Finding a Balance

Social scientists have different ways of viewing ritual: some explain it as the creation of feeling, some as the release of feelings, others as an application of beliefs, and still others as an expression of beliefs. This last way of explaining ritual is the more non-traditional, non-reductionist view offered by Geertz, Douglas, and Turner as explained by Robert Segal. Only in this last mode of understanding ritual is ritual seen as an ends in itself rather than the means to another end. The rituals of Lakota Ceremony can be understood and analyzed through the lens of each of these frameworks.

Using the example of the sweat lodge, which is the ceremony I have gained most familiarity with, each way of understanding ritual can be demonstrated. The sweat lodge has several dimensions. It is a place of purification, a place of death and rebirth, and a place of unity. According the first traditional model of explaining ritual, the point of the sweat lodge ceremony is to create these feelings; feelings of being cleansed, feelings of newness, feelings of connectedness. As it does quite literally cause participants to sweat out toxins and be cleansed, and it is reminiscent of a dark womb, and it causes some degree of hardship or suffering which leads to bonding among participants, one could say the sweat lodge was designed with the purpose in mind to impart these certain feelings. A second traditional way to understand ritual is that it is a place to release feelings. As a place of purification and rebirth, it may be viewed as intended to help participants in the ceremony rid themselves of thought patterns considered bad or harmful. As a place of unity, the sweat lodge could be seen as having the purpose of helping participants to shed perceived boundaries or selfishness.

Another traditional way of viewing ritual is not feeling based but practice based: the sweat lodge as a place to apply or put into practice held beliefs. This model of understanding ritual often stems from the idea that religion is a kind of prescience that explains and attempts to gives power over the world to religious believers. Through this lens, the sweat lodge holds a kind of magical power to purify and unite ceremony participants. Because they are pure and clean and connected to the web of life, they may now be assured that the prayers for which they have gone through all this trouble will be granted and impact the outside world.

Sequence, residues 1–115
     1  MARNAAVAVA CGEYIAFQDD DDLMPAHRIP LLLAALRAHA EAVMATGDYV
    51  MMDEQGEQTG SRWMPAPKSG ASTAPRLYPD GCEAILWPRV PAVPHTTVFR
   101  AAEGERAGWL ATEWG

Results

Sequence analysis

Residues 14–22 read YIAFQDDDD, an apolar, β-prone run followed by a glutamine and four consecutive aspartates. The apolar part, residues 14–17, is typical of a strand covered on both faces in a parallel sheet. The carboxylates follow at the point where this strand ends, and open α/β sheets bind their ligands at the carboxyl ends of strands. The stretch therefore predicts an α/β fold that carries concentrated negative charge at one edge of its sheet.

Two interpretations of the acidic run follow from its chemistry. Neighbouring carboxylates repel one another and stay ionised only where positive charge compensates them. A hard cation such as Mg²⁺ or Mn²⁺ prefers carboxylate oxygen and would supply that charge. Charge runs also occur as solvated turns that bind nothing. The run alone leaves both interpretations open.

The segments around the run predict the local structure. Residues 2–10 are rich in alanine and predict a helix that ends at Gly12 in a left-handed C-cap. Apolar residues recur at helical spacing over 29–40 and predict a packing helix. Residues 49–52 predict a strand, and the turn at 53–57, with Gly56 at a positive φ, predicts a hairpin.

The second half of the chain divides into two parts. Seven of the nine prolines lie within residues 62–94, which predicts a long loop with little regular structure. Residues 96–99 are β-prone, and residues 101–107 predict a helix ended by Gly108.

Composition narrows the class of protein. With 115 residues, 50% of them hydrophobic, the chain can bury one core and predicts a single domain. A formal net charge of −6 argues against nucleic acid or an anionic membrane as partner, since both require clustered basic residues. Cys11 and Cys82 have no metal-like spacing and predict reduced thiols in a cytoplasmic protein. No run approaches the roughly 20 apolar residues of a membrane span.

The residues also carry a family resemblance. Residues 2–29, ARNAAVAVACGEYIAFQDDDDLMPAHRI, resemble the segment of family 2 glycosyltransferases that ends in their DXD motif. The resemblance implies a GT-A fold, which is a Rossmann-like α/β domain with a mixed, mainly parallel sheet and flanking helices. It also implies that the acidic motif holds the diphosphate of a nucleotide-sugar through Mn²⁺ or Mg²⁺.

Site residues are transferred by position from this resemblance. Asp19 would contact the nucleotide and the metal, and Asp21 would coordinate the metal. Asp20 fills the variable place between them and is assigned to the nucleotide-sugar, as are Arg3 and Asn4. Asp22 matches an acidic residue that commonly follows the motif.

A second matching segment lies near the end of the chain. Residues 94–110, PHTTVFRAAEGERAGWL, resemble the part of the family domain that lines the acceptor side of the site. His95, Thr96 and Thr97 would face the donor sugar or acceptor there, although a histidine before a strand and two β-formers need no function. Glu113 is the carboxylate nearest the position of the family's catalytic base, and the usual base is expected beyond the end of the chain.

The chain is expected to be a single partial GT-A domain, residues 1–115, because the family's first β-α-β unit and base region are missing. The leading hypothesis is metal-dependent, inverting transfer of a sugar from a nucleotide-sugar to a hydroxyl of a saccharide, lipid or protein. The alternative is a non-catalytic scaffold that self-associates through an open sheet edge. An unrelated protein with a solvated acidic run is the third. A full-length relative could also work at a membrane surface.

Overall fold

Although all of these explanations may sound perfectly reasonable to the armchair scholar, lived experience tells me they all fall short. It is hard to put into words, but each of these ways understanding ritual feel shallow compared to the actual experience. Geertz, Douglas, and Turner offer a less traditional view of ritual based on and understanding of religion that sees it not as primitive science or a means to an end, but as an end in itself: “Rather than either explaining or controlling the world, ritual, for all three, serves to give human beings a place in it. Ritual does so by conveying information: by describing that place” (Segal 330). This understanding that ritual does not do something but simply says something, though more subtle, seems closer to satisfying real life experience. What is said by the ritual is the collective expression of belief of the ritual participants. The sweat lodge says “You are one with all of your relations. You are a new person in each moment if you are present to it. You have a pure and clean heart at your core.”